Fiction Month Week 3-New Short Story Begins Today!

Caught

Trap! Paralyse! Consume! An unwitting moth flutters in an innocent, random pattern only to be ensnared, caught in a mesh of elastic threads, thrashing wildly but doomed as the predator pounces to inject the body with piercing jaws, stilling the spasms, rolling it with rapid efficiency into a food parcel; to be consumed later.

Here in my father’s back yard, in the still warm air of a September evening, I am glad of a distraction from my task. I light a cigarette and inhale, watching the curling twist of smoke wind upwards. Excitement over, the rotund spider withdraws to the shadows, out of sight until aroused by the next tweak.

Back inside I gaze around at the devastation I’ve wrought and think it’s enough for today. Amidst the piles of books, sets of musical scores, files of correspondence and personal papers in my father’s study there is a box containing old photographs and it is these I’ve been perusing, losing a sense of time both literally and figuratively as I delve back into his life; a jumble of grey-brown, faded and dog-eared images chronicling events and scenes, depicting some characters I remember and many I do not.

I realise I am hungry but have no wish to eat here, alone amongst the detritus. I will walk down through the village to the pub. Before leaving I slip a photo into my pocket, a picture of Imberton Village Dance Band on stage. In the twilight, the quiet of the somnolent village street is punctuated only by the last, retiring song of a blackbird as he defends his province and by the distant, mechanical hum of a lawnmower.

To stroll along this street is to walk in my childhood steps, the way I went to school; down along the hot tarmac, treading on the raised tar bubbles that erupted like sticky larva under the sun’s  hot rays. Here in the gateway by the open field my brother and I paused to see who could pee the furthest as our exuberant, steaming fountains arced over the gate. On past St Mary’s where we languished, imprisoned at Sunday school, the time hanging heavy until we could loosen our collars and race back home to lunch, through the ivy clad churchyard, whose deceased inhabitants now play host to a newly interred inmate.

It is growing dark by the time I am level with the gravel track that slopes up towards Abbott’s, where a lone street lamp casts enough light for me to make out vestiges of the faded imprint on the side of the building; ‘Abbotts Grocery’. I pause for a moment, remembering. The old red brickwork had been painted yellow, the words in red and green, though now all that is visible is a faint square of flaking cream with a few pinkish lines. Old Ma Abbott, who’d seemed ancient to my seven year old self, must be long gone by now. But what of June? To my naive, infant scrutiny she had appeared grown up, although she couldn’t have been much more than sixteen when we plagued the shop in our crude, heedless bids for amusement. She would greet us, soft voiced, smiling with wide spaced, guileless eyes like a baby fawn’s as she tipped Rhubarb and Custards from a jar into a paper bag or ladled out ‘Eiffel Tower’ lemonade powder. I’d peer at her upswept, beehive hairdo and the way her wide skirt fanned out like daisy petals, buoyed up by layers of stiff petticoats as she climbed the step to replace the jar.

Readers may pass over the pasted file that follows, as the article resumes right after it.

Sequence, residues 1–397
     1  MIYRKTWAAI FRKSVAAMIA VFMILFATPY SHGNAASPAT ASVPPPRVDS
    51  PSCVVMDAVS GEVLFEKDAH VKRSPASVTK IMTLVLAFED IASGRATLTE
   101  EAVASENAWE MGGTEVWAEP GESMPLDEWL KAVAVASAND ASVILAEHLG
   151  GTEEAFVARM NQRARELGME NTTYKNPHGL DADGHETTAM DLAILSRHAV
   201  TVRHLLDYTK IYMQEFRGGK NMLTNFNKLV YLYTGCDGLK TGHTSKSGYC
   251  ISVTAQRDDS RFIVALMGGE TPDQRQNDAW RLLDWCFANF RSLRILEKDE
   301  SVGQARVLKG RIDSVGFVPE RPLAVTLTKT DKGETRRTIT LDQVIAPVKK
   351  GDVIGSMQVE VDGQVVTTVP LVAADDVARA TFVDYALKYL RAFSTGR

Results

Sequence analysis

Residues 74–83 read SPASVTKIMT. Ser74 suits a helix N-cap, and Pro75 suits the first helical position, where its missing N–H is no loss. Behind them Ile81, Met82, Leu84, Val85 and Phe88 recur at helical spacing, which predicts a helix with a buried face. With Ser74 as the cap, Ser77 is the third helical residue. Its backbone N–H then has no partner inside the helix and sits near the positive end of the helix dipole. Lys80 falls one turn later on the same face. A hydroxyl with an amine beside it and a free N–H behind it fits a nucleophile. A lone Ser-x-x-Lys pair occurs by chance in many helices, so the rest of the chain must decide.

I’d been the youngest, tolerated but not acknowledged, the tagger-along, more spectator than participant as we roamed the village in search of diversion. We built dens, made bows and arrows or rudimentary, wooden guns, climbed the hay bales in Worts’ barn, fished in the stream, spoke in hushed whispers about the mysterious Bryant sisters, whose nocturnal activities had provoked speculative gossip from our parents. We played endless games of Cowboys and Indians or Cops and Robbers, when my involvement was accepted if I agreed to be the Indian, or the ‘baddie’ and submitted to the inevitable tying to a post to be danced around and jeered at or executed by bow and arrow or firing squad.

A few heads turn as I enter the pub, one or two nodding and murmuring in uneasy recognition. I am known to them nowadays only by association with my father. They are caught in the uncomfortable circumstances that accompany a meeting with the newly bereaved. I order my meal and take my pint to a lone, corner table, allowing them to continue their conversations unburdened by the obligation of sympathy.

While I wait I withdraw the photo and place it on the table. The band members are on a wooden stage flanked by velvet curtains in what looks like the village hall. My father is seated on a stool at an upright piano, to the right of the picture so that his face is only visible in profile, mouth open, his head tilted down, intent on his fingers as they depress the keys; one foot underneath pushing down on a pedal. To the left of the stage his brother Dib sits leaning forward to strum his banjo, a bowler hat perched at a jaunty angle, staring a broad grin into the camera despite the cigarette jutting from the corner of his lips. I guess that the slim, smiling woman in the centre at the microphone, dressed in a neat, dark frock with a lace collar is Doris Lampard. Behind them, less distinct are a guitarist and a drummer.

I am aware of someone standing at my elbow; a stooped, portly, elderly figure leaning on a stick, sharing my view, peering with rheumy eyes at the picture. I recognise him as Arnold Goodridge, one of my father’s friends, although I’m unsure of the connection. Perhaps he’d been a fellow parish council member, or they went to cricket matches together.